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DNA Testing – Don’t Blame Me, Blame My Genes

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When it comes to our actions, it’s easy to blame everything and everyone but yourself. Taking responsibility for violence and aggression is crucial in a civilised society. The idea that genetics could dictate how prone we are to aggression is a precarious one. Although DNA testing may reveal genes that link us to violence, the notion of taking away personal responsibility over our actions is dangerous.

Violent Temperament

Scientists are debating the question whether a violent temperament can be linked to our genes, but it’s thought that some genetic abnormalities revealed in DNA testing do indicate a link to violent behaviour. It’s clear however that environment plays a big part in how we behave. But testing DNA could also help uncover genes that provide clues to why some of us are more hostile then others. It’s hoped that understanding these genes in more depth could lead to scientists creating drugs to target the problem.

DNA Testing and Genetic Make-Up

The notion that testing DNA can uncover genetic make-up raises many ethical questions. Playing God, improving the human race or creating super-humans free from genetic disorders raises uncomfortable questions. Such analyses can unlock the code to life and human make-up, and the idea that behaviour from addictions to violence can be controlled or interfered with by scientists offends some religious sentiments. Some believers won’t even acknowledge Darwinism and evolution, let alone the notion that humans can interfere with their own make-up.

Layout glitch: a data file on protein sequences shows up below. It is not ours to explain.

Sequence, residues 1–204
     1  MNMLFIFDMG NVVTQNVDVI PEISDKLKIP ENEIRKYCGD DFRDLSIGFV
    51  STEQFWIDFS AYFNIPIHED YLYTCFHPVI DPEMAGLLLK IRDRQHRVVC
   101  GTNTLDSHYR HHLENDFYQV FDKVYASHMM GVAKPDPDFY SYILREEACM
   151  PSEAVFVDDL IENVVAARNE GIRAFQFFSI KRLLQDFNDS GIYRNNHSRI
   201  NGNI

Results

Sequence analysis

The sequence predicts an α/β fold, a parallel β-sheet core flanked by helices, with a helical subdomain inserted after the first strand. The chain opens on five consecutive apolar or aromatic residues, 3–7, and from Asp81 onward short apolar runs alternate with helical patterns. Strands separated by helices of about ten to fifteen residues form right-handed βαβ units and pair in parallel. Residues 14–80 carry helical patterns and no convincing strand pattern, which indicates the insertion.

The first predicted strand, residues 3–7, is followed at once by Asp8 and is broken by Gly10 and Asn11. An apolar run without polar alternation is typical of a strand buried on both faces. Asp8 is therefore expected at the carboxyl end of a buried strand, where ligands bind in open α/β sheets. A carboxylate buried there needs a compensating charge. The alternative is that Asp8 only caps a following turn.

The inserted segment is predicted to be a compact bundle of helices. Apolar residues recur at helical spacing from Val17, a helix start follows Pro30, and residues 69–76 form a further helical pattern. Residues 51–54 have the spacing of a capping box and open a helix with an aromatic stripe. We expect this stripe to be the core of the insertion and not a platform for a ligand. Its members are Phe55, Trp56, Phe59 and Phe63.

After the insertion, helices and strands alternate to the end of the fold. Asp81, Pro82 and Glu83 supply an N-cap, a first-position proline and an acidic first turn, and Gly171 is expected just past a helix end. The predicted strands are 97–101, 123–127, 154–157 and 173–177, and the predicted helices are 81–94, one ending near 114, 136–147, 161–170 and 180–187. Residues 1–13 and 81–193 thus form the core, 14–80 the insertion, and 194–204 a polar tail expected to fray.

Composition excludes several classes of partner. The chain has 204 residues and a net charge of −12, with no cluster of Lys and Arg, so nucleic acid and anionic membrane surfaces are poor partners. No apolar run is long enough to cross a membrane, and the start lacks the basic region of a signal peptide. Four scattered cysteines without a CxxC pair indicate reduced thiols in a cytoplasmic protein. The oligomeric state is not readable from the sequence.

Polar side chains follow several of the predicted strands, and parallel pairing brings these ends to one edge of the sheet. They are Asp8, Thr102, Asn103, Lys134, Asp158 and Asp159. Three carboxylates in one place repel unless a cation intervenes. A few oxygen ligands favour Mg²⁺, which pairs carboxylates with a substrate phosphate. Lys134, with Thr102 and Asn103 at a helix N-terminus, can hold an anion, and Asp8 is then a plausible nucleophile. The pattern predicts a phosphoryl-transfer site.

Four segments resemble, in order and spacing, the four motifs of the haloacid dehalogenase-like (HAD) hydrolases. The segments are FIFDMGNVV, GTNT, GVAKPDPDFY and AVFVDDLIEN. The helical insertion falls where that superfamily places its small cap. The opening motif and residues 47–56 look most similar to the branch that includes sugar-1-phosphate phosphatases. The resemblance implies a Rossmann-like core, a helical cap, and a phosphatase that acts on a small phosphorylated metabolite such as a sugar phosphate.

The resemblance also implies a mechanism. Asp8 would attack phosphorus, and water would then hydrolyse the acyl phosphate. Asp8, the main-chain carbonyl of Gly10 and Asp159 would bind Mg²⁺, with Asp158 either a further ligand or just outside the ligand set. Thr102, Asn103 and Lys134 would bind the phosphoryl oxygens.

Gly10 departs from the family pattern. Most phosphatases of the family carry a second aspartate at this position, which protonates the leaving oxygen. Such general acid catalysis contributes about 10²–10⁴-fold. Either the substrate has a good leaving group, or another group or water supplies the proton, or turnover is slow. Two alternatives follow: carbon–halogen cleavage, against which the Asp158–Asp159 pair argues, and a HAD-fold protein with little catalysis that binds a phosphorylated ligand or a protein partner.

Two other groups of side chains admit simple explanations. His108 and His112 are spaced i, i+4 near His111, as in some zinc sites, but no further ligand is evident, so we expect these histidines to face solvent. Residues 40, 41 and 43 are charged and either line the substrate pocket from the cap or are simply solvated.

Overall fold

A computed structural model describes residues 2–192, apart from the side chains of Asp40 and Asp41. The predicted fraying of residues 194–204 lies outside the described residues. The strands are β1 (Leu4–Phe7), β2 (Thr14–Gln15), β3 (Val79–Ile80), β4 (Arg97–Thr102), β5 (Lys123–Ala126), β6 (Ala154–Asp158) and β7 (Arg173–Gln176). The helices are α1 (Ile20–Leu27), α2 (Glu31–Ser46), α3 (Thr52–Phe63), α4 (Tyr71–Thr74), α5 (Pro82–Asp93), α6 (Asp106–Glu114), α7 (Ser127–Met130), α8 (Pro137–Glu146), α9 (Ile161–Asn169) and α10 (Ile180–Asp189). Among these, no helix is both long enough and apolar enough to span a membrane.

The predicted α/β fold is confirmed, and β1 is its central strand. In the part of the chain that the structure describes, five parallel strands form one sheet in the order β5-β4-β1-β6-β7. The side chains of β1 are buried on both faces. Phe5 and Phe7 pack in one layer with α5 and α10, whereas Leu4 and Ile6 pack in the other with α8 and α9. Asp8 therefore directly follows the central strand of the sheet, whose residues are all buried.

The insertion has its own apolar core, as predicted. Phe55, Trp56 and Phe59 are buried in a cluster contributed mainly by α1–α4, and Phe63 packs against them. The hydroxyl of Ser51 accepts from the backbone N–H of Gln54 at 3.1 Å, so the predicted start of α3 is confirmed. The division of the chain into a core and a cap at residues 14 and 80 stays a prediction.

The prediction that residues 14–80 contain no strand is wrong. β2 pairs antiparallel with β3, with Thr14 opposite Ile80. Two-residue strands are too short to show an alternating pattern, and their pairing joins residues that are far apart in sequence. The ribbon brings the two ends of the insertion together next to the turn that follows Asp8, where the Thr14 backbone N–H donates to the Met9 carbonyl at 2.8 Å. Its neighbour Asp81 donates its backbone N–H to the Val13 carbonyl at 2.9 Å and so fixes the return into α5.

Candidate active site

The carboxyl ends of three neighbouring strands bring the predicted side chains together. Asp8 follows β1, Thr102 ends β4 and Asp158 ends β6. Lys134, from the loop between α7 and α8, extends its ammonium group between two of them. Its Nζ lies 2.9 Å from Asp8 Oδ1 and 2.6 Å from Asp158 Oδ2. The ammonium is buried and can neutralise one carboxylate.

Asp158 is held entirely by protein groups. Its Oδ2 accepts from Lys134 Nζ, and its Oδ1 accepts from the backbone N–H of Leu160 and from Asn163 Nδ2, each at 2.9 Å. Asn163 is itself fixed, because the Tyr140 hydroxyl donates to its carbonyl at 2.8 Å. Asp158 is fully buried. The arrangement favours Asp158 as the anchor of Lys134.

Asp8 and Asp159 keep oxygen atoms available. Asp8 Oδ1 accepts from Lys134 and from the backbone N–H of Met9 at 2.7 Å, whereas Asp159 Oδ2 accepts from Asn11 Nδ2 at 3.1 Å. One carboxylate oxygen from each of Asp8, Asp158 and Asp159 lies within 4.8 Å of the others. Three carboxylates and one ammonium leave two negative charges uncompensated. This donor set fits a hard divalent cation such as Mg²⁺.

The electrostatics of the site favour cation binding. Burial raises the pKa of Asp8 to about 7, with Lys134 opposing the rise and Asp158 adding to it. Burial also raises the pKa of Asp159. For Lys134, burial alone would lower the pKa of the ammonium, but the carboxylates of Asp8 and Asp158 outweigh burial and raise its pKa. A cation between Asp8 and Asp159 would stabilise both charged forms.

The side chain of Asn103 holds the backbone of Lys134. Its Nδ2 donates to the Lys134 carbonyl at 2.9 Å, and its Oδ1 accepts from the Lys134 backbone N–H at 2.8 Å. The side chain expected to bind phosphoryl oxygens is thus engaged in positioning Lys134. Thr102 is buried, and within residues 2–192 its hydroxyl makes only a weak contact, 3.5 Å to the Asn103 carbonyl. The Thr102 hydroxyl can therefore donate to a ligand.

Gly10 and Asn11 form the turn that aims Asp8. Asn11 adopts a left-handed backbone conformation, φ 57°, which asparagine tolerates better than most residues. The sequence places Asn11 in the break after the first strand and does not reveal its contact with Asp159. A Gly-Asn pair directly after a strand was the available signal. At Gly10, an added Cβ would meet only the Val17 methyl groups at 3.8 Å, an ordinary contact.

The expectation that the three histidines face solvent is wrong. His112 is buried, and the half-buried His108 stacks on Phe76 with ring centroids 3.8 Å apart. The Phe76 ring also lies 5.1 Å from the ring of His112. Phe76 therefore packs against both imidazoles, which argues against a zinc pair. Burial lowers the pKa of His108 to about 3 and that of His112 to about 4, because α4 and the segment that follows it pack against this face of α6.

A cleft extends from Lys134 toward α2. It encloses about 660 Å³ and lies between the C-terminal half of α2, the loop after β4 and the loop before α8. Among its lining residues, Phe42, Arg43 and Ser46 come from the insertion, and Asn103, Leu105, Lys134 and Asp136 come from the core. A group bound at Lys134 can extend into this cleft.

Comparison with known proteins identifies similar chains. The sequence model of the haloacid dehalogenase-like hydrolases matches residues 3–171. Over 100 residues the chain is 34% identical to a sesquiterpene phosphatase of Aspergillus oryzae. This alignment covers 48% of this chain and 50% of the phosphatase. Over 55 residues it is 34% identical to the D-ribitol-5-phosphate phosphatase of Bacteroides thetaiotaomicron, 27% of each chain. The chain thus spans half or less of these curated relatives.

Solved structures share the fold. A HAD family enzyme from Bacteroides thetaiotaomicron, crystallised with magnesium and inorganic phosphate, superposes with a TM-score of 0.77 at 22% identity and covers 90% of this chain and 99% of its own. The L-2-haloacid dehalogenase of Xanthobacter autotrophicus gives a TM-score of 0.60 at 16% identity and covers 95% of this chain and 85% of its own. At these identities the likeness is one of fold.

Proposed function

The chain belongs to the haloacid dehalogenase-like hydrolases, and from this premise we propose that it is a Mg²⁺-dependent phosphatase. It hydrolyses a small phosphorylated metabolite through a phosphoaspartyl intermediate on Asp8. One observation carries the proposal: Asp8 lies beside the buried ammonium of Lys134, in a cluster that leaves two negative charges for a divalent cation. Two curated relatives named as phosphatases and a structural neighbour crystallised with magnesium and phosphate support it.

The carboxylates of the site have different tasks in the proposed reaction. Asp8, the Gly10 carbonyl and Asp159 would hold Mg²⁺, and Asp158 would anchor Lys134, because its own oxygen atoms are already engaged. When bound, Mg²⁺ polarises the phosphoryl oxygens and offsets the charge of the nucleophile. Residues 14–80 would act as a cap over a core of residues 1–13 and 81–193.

Concerns

Sociologists also have concerns about the role of DNA testing in finding out about behaviour. Some fear violent crime could be dismissed as not being the offender’s fault because of his or her genes. On the other hand, the information could also be used to discriminate against people who have undergone testing; information could be used for example by future employers screening potential candidates.

Research

Although testing genes and DNA may uncover some interesting results, and the field is certainly one that needs much more research, no serious scientist believes there is a “gene for criminality”. They do admit however to the fact that genes can make you more predisposed to particular personality traits. When these genes are mixed in the bubbling cauldron of our environment, upbringing, and circumstances, the result is a complicated equation that dictates how we behave. It’s thought our environments are stronger indicators of how we behave but DNA testing can reveal genes that may affect how easily or susceptible you are to certain behaviours, such as hostility and aggression.

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